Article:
Wednesday, November 19, 2014

If you strike me down, I shall become more powerful than you can possibly imagine

As someone who worked in the intelligence community a couple decades back (i.e. before it went feral), it's been quite dismaying to see the government's attacks on the privacy of regular citizens.  In particular, the repeated attempts to discourage the use of encryption is something that as a Security Guy I can only say is a Very Bad Thing.

I'm not the only one.  This announcement seems really, really important:
ital personal and business information flows over the Internet more frequently than ever, and we don’t always know when it’s happening. It’s clear at this point that encrypting is something all of us should be doing. Then why don’t we use TLS (the successor to SSL) everywhere? Every browser in every device supports it. Every server in every data center supports it. Why don’t we just flip the switch?

The challenge is server certificates. The anchor for any TLS-protected communication is a public-key certificate which demonstrates that the server you’re actually talking to is the server you intended to talk to. For many server operators, getting even a basic server certificate is just too much of a hassle. The application process can be confusing. It usually costs money. It’s tricky to install correctly. It’s a pain to update.

Let’s Encrypt is a new free certificate authority, built on a foundation of cooperation and openness, that lets everyone be up and running with basic server certificates for their domains through a simple one-click process.
Who are the subversive Black Hat traitors behind this?
Mozilla Corporation, Cisco Systems, Inc., Akamai Technologies, Electronic Frontier Foundation, IdenTrust, Inc., and researchers at the University of Michigan are working through the Internet Security Research Group (“ISRG”), a California public benefit corporation, to deliver this much-needed infrastructure in Q2 2015. The ISRG welcomes other organizations dedicated to the same ideal of ubiquitous, open Internet security.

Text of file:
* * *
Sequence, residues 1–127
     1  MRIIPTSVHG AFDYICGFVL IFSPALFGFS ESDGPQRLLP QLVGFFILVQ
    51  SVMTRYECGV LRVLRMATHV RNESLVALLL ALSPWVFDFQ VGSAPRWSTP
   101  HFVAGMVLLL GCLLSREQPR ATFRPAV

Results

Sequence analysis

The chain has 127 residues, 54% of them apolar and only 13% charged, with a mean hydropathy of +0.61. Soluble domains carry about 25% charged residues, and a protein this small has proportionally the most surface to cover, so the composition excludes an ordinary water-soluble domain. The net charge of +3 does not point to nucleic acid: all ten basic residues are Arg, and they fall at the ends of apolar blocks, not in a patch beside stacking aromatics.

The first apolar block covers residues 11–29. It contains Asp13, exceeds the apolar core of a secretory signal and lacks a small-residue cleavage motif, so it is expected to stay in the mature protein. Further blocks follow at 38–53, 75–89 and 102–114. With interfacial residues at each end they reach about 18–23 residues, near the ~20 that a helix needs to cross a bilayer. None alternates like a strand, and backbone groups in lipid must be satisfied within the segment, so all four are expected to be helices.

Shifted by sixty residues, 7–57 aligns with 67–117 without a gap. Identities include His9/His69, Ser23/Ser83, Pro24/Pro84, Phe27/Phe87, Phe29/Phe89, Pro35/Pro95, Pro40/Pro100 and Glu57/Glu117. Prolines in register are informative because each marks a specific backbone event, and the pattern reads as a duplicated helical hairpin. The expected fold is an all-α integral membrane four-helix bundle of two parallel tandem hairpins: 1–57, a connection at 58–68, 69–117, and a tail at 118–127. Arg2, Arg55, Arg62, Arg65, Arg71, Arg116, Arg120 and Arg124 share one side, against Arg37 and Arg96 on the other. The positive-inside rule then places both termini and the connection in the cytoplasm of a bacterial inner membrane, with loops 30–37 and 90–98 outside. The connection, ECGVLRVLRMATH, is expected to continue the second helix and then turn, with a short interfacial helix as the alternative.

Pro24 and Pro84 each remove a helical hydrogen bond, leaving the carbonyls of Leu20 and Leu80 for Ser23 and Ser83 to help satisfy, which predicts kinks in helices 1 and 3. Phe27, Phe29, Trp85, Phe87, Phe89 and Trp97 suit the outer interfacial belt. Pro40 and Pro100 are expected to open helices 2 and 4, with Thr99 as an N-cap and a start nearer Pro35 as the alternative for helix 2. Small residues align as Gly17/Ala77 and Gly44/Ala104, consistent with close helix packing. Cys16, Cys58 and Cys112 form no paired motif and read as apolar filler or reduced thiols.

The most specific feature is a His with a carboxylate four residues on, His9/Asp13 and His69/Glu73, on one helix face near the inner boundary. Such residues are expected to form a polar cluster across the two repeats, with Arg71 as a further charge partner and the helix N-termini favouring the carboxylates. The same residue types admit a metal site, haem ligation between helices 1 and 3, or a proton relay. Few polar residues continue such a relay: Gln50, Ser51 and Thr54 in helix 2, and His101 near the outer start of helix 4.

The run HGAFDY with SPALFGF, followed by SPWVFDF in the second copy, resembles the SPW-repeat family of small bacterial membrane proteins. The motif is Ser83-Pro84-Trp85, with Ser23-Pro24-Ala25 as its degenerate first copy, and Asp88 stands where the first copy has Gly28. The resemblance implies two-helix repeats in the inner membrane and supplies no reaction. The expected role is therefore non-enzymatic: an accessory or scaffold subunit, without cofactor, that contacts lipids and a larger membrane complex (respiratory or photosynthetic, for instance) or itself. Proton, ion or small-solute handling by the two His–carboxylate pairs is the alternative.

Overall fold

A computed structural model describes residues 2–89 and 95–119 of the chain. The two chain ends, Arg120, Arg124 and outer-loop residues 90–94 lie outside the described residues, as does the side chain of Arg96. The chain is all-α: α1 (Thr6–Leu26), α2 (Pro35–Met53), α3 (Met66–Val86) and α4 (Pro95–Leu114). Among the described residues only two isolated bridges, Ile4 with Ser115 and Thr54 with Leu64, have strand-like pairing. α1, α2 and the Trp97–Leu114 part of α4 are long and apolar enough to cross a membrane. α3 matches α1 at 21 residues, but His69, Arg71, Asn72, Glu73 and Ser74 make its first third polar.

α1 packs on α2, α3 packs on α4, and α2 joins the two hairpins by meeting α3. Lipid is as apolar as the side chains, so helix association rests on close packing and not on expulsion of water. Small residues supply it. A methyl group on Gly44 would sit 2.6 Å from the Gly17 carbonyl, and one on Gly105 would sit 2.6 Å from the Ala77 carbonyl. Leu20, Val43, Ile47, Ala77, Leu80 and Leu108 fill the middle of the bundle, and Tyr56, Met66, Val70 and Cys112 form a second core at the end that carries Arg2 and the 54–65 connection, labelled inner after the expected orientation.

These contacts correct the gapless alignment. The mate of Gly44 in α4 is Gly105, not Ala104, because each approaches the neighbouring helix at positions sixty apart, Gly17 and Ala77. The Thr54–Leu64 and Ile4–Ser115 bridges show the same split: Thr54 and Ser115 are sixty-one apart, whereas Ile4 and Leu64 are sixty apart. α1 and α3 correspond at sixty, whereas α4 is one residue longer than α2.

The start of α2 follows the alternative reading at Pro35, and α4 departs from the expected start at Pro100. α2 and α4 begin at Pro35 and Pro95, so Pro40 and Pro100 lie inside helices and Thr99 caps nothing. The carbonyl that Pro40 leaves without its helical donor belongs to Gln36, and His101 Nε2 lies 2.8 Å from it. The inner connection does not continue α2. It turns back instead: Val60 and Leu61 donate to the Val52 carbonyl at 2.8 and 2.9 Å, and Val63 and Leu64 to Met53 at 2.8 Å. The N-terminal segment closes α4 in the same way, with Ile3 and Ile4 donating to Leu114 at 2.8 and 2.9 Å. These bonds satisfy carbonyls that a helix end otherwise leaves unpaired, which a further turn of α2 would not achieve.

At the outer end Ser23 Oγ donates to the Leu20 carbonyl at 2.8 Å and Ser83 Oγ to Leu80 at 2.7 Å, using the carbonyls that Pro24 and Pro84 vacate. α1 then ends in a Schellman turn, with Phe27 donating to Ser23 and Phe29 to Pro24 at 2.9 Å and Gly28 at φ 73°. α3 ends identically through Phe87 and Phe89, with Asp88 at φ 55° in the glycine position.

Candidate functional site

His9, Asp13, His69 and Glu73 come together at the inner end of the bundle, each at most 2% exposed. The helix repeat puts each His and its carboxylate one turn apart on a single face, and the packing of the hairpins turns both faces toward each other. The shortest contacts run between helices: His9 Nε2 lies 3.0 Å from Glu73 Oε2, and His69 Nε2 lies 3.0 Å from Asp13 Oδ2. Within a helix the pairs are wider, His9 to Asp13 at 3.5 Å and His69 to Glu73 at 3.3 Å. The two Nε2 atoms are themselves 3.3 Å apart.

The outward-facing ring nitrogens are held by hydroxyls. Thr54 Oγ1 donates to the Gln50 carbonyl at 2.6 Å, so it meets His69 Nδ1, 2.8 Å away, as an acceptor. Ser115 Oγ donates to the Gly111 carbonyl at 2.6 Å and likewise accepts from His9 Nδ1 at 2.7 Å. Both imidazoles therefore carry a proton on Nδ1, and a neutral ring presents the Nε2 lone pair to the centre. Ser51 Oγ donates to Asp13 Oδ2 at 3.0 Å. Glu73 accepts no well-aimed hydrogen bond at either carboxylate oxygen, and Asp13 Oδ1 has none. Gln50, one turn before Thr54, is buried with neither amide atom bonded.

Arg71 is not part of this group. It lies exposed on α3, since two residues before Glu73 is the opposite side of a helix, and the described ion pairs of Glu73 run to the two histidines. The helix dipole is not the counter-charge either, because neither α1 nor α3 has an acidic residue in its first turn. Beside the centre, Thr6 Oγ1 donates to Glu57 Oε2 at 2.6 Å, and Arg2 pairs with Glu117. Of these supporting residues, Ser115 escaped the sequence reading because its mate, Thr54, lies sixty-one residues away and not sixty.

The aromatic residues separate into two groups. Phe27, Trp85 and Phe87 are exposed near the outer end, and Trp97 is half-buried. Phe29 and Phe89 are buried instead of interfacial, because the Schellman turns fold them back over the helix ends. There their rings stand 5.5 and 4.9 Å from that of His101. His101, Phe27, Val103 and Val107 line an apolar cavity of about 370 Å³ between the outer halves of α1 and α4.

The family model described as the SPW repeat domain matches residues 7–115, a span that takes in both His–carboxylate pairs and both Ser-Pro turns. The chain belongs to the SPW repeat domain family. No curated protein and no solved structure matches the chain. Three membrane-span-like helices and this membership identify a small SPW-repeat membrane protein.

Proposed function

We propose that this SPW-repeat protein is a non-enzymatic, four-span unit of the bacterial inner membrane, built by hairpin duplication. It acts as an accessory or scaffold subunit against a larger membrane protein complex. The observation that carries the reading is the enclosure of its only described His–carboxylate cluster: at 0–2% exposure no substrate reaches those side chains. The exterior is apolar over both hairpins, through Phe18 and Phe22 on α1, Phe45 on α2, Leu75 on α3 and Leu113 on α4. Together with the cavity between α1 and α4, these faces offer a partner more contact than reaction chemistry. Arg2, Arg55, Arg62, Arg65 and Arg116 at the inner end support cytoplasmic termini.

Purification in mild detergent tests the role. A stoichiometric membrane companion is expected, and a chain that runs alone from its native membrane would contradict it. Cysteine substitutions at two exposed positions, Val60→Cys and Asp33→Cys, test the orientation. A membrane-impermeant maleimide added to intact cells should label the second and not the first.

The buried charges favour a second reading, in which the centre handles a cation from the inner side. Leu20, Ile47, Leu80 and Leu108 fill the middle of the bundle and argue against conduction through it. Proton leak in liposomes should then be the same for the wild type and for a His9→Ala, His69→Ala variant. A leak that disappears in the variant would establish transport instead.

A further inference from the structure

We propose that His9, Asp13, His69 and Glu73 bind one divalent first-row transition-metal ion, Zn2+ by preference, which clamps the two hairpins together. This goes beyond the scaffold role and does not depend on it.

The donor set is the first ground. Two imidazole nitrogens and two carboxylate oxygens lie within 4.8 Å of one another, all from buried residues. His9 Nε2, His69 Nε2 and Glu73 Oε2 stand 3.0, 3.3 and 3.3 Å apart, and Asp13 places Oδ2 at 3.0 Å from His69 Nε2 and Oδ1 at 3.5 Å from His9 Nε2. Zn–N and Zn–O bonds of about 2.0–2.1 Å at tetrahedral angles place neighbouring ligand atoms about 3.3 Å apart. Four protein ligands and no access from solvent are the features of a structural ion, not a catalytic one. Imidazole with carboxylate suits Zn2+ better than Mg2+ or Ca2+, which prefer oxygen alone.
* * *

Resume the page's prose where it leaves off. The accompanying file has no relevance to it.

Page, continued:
Ah.  It's a bunch of techies who feel the same way as I do.  Good.  And the project seems to have the Internet Philosophy embedded in its DNA:
The key principles behind Let’s Encrypt are:
  • Free: Anyone who owns a domain can get a certificate validated for that domain at zero cost.
  • Automatic: The entire enrollment process for certificates occurs painlessly during the server’s native installation or configuration process, while renewal occurs automatically in the background.
  • Secure: Let’s Encrypt will serve as a platform for implementing modern security techniques and best practices.
  • Transparent: All records of certificate issuance and revocation will be available to anyone who wishes to inspect them.
  • Open: The automated issuance and renewal protocol will be an open standard and as much of the software as possible will be open source.
  • Cooperative: Much like the underlying Internet protocols themselves, Let’s Encrypt is a joint effort to benefit the entire community, beyond the control of any one organization.
If you have your own DNS domain, you should check this out.

1 comment:

Eric Wilner said...

Yup, definitely. I've been using self-signed certificates (purportedly issued by Big Al's Protection Racket) these many years, and it's a pain... besides which, by the time one expires, I've forgotten how the process works and have to dig through the documentation again.
Had it bookmarked since yesterday, and awaiting the day it goes live.